“Malaysia reiterates that all matters relating to the South China Sea must be resolved peacefully and constructively, in accordance with universally recognized principles of international law, including the 1982 UNCLOS”, the statement added.
Alarmed by China’s intrusions, Malaysia has also been beefing up its defensive capabilities in recent months. In August, the Malaysian Navy conducted the week-long “Taming Sari” exercise, where it successfully test-fired three live anti-ship missiles in a clear demonstration of its growing defensive capability.
In the same month, Malaysia joined the United States-led Southeast Asia Cooperation and Training (SEACAT) exercise, which saw 21 countries, including major US allies such as Australia and Germany, engaging in large-scale drills aimed at enhancing “operational environment, build[ing] capacity for humanitarian support missions, and uphold[ing] international laws and norms.”
A few months earlier, the Malaysian air force conducted massive joint drills with the USS Theodore Roosevelt Carrier Strike Group, which completed exercises in the South China Sea, underscoring a steady yet quiet build-up in US-Malaysian defense maritime security cooperation.
Malaysia is not alone in its hardening stance amid maritime disputes with China. The neighboring Philippines has also adopted an increasingly hard line against China, especially as Beijing-friendly Philippine President Rodrigo Duterte enters his twilight months in office.
Last week, Philippine Foreign Secretary Teodoro Locsin Jr, who openly backed the AUKUS deal as a “counterbalance” against China, filed a new series of diplomatic protests against Beijing over “alarming” reports of new incursions by Chinese vessels within Philippine-claimed waters.
“File now our protest on China’s incessant & unlawful restriction of Filipino fishermen from conducting legitimate fishing activities in [Scarborough Shoal],” Locsin said in his Twitter account last week, reiterating the Philippines’ opposition to China’s de facto occupation of the fisheries-rich land feature, which falls well within the Philippines’ 200-mile exclusive economic zone (EEZ).
Earlier, the Philippine diplomatic chief warned that his country would file “daily diplomatic protests” if China continued to deploy paramilitary vessels to Manila-claimed land features in the Spratlys, which witnessed a months-long maritime standoff between the two countries earlier this year.
Last month, the Philippines and US, marking the 70th anniversary of their Mutual Defense Treaty (MDT), agreed to deepen their defense cooperation after the full restoration of the Visiting Forces Agreement (VFA) earlier this year.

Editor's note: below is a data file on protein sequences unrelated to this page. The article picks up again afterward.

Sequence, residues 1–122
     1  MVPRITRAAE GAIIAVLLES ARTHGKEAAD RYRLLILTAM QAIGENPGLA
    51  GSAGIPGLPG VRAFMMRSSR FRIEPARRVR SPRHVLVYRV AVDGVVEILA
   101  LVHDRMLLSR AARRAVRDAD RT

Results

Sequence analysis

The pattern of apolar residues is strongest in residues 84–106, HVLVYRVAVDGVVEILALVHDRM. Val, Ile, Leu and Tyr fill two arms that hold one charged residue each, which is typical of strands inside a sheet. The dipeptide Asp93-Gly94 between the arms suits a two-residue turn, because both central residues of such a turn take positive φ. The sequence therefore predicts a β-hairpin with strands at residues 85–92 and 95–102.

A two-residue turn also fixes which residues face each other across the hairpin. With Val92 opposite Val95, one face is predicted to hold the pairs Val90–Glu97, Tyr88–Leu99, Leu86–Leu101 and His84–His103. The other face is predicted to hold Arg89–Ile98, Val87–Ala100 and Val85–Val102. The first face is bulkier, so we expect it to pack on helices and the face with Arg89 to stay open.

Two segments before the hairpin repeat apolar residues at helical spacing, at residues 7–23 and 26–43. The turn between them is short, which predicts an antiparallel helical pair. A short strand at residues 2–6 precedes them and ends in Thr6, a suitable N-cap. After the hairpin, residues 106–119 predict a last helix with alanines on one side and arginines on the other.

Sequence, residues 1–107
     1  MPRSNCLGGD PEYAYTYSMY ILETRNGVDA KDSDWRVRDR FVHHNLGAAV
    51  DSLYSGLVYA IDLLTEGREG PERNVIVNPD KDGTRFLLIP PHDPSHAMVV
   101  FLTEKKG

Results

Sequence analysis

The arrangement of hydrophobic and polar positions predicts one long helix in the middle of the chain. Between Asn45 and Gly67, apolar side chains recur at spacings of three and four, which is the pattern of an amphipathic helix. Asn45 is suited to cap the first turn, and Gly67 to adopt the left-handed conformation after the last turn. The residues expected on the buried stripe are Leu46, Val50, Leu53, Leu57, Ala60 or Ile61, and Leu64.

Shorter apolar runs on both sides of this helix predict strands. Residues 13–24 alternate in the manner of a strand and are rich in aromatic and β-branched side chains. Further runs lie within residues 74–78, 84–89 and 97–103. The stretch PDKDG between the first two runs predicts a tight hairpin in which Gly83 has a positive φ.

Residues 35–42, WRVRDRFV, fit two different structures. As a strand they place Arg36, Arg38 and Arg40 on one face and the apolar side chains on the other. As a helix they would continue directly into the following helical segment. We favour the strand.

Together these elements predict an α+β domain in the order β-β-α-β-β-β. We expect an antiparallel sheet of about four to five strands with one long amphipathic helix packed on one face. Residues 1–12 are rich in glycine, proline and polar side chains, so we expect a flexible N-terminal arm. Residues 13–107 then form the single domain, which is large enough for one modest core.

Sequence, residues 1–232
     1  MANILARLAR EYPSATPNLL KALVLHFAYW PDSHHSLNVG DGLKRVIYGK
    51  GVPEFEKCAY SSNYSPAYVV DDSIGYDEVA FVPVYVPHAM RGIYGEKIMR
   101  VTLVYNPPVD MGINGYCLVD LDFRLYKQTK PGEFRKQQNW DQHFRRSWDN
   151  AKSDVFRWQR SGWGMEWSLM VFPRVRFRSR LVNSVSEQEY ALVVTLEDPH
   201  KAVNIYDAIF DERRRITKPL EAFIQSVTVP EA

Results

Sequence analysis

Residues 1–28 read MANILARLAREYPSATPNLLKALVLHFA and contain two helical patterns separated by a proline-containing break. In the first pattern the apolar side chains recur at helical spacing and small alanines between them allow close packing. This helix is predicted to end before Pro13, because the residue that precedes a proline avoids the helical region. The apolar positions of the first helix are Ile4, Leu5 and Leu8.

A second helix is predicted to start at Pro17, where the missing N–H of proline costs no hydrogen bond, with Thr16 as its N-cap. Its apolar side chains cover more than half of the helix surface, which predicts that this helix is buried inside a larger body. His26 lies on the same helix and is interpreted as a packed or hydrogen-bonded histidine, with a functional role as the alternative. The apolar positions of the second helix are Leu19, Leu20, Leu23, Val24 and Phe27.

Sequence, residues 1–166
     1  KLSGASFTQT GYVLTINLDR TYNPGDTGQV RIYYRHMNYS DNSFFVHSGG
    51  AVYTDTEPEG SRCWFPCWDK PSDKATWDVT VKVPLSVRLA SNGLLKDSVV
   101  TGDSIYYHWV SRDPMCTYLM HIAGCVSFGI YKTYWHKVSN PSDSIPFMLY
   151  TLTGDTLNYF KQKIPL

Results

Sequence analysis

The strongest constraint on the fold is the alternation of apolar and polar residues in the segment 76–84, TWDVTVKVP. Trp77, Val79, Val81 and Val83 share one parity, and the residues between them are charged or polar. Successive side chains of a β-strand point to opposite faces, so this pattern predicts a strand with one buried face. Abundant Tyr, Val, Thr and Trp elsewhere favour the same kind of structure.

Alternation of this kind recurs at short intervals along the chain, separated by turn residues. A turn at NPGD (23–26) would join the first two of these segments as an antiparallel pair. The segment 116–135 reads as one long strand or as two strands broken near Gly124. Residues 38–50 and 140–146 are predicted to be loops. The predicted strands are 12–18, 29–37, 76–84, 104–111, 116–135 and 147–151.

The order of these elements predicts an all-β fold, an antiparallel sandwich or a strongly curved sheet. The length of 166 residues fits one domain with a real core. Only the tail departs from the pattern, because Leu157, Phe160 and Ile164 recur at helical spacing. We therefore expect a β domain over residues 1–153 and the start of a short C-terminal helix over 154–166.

Both allies agreed to fully implement other key defense agreements such as the Enhanced Defense Cooperation Agreement (EDCA) as well as develop a new framework for maritime security cooperation in order to forestall Chinese ambitions in the South China Sea.
Although not a direct claimant state in the disputed waters, Indonesia has also stepped up its maritime patrols and naval presence off the coast of the Natuna Islands, which overlaps with the southernmost tip of China’s vaguely defined nine-dash line claims.
In addition to concerns over illegal fishing within its waters, Jakarta has been particularly perturbed by Chinese harassment of energy exploration activities in the resource-rich area.
Indonesia steps up patrols
In 2017, Indonesia renamed its exclusive economic zone off the coast of the Natuna islands as the North Natuna Sea in a bid to reassert its claims in the area. Former maritime and fisheries minister Susi Pudjiastuti also adopted a “sink the boat” policy, which targeted illegal Chinese fishing vessels.
Back in August, Indonesia also conducted its largest joint drills, Garuda Shield, with the US, which saw the participation of more than 4,500 troops and personnel. Both sides hailed a “new era” in their defense cooperation amid shared concerns about a resurgent China.
Last month, the Indonesian navy deployed up to five vessels, assisted by an air patrol, to the area in order to ward off a growing Chinese paramilitary and coast guard presence in the area.
“The navy’s position on the North Natuna Sea is very firm in protecting national interests within the Indonesian jurisdiction in accordance with national law and international law that have been ratified so that there is no tolerance for any violations in the North Natuna Sea,” said Indonesian Navy western fleet commander Arsyad Abdullah.
No less than President Joko Widodo has chimed in, visiting the Natuna Islands last year amid a standoff between Indonesia and China in the area. In a clear show of force, Indonesia deployed fighter jets and has steadily expanded its naval footprint in the area.
“There is no bargaining when it comes to our sovereignty, our country’s territorial,” Widodo said during his visit to the disputed area last year.